Early Spring Frost Seeding: Do It Now!

If you have food plots with bare soil, then now is the time for frost seeding clover.

Early Spring Frost Seeding: Do It Now!

In my household, early spring is a time for both work (lawn and garden chores) and play (turkey hunting, fishing, etc.). That said, there’s one project that can’t be put off for two or three weeks because you’ll miss a critical window of opportunity.

Many times the ground is too soft during early spring for running a tractor or even an ATV with a disk. No worries. As long as you have exposed soil, you can broadcast clover seed and expect decent results. Frost seeding is a method of planting spring food plots without the need for working the soil. Prime locations for frost seeding are those food plots from last year that were planted in annuals such as brassicas and soybeans. Assuming whitetails hit these fields hard last season, they should be 90-plus percent exposed soil.

The key to success is getting the clover seed on the soil while your area is in the freeze/thaw/freeze cycle so common during early spring. If you tap maple trees for sap to make syrup, you know these conditions well. In my opinion, the best time to frost seed is the same time maple sap is running.

Don’t be afraid to broadcast clover seed on a couple inches of snow if you expect it to melt within a week or so. The night/day/night cycle of freeze/thaw/freeze, which causes creases in the soil to open wider, then close, then open again, will benefit from the added moisture. This essentially sucks the small clover seed into contact with the exposed soil, and after that the presence of moisture (spring rains) and sunlight takes care of the rest.

Four Frost Seeding Tips

  1. Read the directions on your clover seed bag for coverage recommendations, but understand these guidelines are for a prepared seedbed. Frost seeding requires a heavier application for success. In my opinion, you don’t need to double the recommended pounds-per-acre rate, but increasing it 50 percent is a good idea.
  2. Set your hand-held broadcast spreader on the smallest setting (probably No. 1). It’s better to spread the clover seed a bit too thin and have to walk the plot twice than run out of seed too soon.
  3. Knowing where you’ve walked in combination with the side-to-side distance covered by your broadcast spreader is important for proper seed application. Wear rubber boots because the soil will likely be muddy, unless you get in the field during the early morning when everything is still frozen. It should be easy to see where you’ve walked because you’ll see your boot tracks in the mud, snow or frosty ground.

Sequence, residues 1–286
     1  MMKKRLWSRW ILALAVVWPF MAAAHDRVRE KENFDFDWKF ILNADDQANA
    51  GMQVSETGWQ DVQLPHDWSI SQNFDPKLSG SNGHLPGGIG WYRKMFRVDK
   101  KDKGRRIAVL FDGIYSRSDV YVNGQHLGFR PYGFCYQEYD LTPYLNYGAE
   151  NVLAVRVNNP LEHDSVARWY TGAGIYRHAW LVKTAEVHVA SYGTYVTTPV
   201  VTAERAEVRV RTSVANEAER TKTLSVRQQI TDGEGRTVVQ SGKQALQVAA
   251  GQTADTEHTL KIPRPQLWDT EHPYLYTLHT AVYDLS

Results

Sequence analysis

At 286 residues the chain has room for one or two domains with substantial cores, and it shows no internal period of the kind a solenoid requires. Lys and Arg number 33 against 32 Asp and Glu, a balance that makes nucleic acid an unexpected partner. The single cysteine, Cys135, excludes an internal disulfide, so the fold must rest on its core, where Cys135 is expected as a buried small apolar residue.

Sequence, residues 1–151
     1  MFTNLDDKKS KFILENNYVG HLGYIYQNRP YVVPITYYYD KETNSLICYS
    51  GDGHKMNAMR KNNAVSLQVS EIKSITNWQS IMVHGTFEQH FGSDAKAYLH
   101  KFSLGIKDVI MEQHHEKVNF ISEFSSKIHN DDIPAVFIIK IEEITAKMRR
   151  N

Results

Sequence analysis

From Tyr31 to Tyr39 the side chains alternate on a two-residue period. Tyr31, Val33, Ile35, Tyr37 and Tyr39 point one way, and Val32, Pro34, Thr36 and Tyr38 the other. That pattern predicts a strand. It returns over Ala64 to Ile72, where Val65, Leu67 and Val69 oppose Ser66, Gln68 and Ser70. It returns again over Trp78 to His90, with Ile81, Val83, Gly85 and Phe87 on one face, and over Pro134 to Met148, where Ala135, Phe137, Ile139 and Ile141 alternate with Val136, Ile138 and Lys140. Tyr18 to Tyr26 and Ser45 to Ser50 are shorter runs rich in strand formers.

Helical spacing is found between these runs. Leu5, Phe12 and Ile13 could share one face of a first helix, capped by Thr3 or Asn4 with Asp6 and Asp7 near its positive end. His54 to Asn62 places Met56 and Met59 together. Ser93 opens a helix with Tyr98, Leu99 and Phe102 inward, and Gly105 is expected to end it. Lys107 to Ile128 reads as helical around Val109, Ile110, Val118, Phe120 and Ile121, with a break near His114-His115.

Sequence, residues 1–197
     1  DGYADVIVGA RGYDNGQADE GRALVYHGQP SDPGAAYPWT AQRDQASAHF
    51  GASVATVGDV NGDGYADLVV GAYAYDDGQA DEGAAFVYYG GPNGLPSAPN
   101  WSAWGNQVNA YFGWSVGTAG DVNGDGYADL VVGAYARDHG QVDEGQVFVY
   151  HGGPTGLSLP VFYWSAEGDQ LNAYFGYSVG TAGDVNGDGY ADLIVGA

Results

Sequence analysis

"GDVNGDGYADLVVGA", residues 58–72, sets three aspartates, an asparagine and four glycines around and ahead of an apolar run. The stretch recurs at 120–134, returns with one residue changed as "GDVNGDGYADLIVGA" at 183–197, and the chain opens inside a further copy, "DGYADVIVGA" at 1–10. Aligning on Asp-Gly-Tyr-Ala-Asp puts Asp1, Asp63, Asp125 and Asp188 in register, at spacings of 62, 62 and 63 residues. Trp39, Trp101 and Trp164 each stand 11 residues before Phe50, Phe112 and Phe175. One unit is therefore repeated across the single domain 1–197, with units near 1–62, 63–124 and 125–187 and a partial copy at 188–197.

4. To aid in this proper coverage, I recommend choosing a food plot seed manufacturer that colors its seed for increased visibility. An easy-to-see clover seed I’ve used many times is Imperial Whitetail Clover from Whitetail Institute. As you can see in the photo below, its seed is bright blue, which I can see hitting the ground as I walk. This gives me confidence I’m broadcasting the right amount of seed and overlapping my back-and-forth passes without being wasteful. To my knowledge, Whitetail Institute is the only company that sells colored clover seed. Of course, you can have success with natural-colored clover seed from brands such as Antler King, Boss Buck, Evolved Habitats, Deer Creek, Frigid Forage, Hunter’s Specialties, Lucky Buck, Mossy Oak BioLogic and Pennington, just make sure you’re achieving proper coverage as you walk.
The blue-colored clover seed shown here is easy to see, which helped the author spread it evenly and thoroughly while frost seeding during March 2020.
The blue-colored clover seed shown here is easy to see, which helped the author spread it evenly and thoroughly while frost seeding during March 2020.

If you live in the Midwest, North or Northeast, then now is the time for frost seeding. Don’t delay!

Photos by Dave Maas


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